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What's the difference between "Bob is sick" and "Bob is ill"?
Mar 29, 2008 9:39 PM
Answers · 4
"I'm sick" means that someone has flu' or sth similar but it's not so serious. "I'm ill" means that someone is seriously ill, f.i. cancer.
April 2, 2008
Hey Henry! They both mean the same thing, but sick can be used several way. For example: Bob is really sick because he has a flu. (health) Bob is sick for thinking all those perverted thoughts.
March 29, 2008
Hello Henryk, I see that you already have some good answers to this question, but I'll throw my own answer in there as well. As you can see even among native English speakers there is often a difference of opinion regarding our language. I can't speak for the UK, but in America 'Sick and Ill' are synonomous (they have the same meaning), in general. Except that as Aisha pointed out, we often use the term 'Sick' to describe a person who has abnormal behavior or thoughts. A brutal murderer or rapist might be called 'Sick'. Like most languages though it really depends on the context. If I call my office and say I'm not coming to work because I'm sick it is perfectly acceptable use of the word.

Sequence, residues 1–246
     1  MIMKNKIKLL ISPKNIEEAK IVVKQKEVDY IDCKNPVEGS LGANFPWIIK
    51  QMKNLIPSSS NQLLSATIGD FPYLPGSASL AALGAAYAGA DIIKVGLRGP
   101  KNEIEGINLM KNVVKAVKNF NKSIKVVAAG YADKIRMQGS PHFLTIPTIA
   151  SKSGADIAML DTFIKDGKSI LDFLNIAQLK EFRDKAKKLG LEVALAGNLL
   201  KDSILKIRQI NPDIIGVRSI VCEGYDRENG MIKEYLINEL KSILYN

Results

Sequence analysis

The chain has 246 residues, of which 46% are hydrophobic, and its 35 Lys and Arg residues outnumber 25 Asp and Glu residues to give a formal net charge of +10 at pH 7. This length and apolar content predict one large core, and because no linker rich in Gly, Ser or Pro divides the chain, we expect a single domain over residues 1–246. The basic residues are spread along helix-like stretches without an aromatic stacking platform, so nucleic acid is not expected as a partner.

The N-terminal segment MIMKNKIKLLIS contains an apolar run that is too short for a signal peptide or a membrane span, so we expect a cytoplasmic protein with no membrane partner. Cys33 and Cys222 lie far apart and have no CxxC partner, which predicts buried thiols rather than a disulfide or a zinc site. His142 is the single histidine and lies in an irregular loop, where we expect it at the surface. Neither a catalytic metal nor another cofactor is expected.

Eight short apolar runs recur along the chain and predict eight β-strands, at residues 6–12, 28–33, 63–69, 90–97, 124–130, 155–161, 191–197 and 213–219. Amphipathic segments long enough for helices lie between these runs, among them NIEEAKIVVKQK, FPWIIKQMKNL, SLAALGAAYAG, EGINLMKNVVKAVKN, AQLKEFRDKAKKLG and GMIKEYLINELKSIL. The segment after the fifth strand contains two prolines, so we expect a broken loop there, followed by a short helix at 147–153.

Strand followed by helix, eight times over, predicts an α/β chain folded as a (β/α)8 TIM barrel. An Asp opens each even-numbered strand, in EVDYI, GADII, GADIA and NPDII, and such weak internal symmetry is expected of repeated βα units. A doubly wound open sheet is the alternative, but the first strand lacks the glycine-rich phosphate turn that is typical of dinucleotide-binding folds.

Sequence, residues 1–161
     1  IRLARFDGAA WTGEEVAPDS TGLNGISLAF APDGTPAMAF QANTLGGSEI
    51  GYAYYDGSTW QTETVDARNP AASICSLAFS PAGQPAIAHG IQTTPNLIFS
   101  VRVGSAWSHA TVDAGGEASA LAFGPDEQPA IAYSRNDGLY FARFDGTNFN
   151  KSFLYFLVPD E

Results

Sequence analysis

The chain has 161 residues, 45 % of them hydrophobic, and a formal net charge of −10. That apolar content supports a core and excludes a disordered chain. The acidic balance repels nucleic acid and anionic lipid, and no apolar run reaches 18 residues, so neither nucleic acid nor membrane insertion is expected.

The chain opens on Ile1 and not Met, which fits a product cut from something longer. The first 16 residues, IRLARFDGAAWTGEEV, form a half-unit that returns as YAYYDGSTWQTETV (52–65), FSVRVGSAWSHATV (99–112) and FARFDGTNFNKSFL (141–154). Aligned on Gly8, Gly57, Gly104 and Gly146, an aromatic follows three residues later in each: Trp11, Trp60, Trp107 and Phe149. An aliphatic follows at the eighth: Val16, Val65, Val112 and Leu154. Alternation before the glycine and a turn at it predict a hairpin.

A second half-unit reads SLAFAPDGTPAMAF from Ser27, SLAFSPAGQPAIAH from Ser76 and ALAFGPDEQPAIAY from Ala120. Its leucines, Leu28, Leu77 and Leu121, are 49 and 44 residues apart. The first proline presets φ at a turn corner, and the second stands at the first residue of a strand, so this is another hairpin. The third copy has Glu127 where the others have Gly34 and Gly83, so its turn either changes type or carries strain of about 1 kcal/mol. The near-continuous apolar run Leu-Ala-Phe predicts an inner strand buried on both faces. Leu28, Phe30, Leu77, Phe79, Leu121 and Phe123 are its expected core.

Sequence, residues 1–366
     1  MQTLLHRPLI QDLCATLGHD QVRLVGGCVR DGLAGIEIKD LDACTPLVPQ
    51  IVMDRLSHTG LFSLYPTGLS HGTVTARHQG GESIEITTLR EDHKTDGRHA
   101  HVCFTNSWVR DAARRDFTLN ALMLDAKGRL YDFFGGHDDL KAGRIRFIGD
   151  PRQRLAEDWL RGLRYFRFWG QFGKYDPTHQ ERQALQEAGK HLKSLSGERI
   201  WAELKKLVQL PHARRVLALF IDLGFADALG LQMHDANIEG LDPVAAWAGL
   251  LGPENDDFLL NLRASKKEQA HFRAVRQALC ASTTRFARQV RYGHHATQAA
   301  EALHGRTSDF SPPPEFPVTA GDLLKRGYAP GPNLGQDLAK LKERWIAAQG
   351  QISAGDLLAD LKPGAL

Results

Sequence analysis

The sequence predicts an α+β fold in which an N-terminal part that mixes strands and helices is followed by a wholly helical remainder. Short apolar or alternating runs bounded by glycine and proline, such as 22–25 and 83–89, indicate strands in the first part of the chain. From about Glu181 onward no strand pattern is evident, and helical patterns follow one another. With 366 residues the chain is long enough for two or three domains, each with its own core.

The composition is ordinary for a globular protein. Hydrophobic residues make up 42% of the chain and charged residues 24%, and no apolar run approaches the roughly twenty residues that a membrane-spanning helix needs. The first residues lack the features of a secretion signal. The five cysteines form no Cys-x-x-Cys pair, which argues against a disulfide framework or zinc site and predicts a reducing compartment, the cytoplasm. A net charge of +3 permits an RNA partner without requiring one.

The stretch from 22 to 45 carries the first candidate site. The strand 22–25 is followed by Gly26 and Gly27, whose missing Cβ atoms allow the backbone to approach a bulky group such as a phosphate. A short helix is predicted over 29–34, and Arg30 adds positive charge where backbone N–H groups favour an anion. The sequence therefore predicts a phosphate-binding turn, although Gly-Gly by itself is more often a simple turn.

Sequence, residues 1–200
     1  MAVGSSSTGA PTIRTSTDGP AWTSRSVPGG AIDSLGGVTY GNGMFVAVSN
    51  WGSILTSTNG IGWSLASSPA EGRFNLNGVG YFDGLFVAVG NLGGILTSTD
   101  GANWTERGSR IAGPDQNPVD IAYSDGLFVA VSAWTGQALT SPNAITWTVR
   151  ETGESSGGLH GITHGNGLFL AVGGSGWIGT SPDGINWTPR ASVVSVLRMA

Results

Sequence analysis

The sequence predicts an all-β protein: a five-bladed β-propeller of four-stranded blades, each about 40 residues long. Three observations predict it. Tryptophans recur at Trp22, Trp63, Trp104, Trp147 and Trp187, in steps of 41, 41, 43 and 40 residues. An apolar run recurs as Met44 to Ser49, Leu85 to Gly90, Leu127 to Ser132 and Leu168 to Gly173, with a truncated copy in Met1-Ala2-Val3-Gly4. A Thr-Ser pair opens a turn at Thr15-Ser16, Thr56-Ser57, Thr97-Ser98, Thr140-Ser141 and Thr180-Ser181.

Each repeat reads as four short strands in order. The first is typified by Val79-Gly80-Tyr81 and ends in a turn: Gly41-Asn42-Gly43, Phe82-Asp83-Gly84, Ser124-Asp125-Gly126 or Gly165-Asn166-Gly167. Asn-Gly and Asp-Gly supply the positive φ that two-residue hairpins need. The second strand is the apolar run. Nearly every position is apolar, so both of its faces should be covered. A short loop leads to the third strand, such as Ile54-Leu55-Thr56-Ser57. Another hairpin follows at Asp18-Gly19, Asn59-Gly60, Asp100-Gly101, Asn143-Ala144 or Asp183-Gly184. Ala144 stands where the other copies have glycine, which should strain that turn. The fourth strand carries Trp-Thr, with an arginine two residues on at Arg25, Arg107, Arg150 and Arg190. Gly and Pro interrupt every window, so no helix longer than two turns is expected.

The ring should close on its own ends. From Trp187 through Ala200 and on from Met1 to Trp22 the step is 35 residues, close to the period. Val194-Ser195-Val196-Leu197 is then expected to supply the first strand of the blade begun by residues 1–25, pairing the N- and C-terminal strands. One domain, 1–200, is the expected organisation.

April 8, 2008
In British English "to be sick" means "to vomit". But in American English "Bob is sick" and "Bob is ill" are almost equal. "Ill" is somewhat more formal than "sick".
March 29, 2008
Language Skills
English, Polish
Learning Language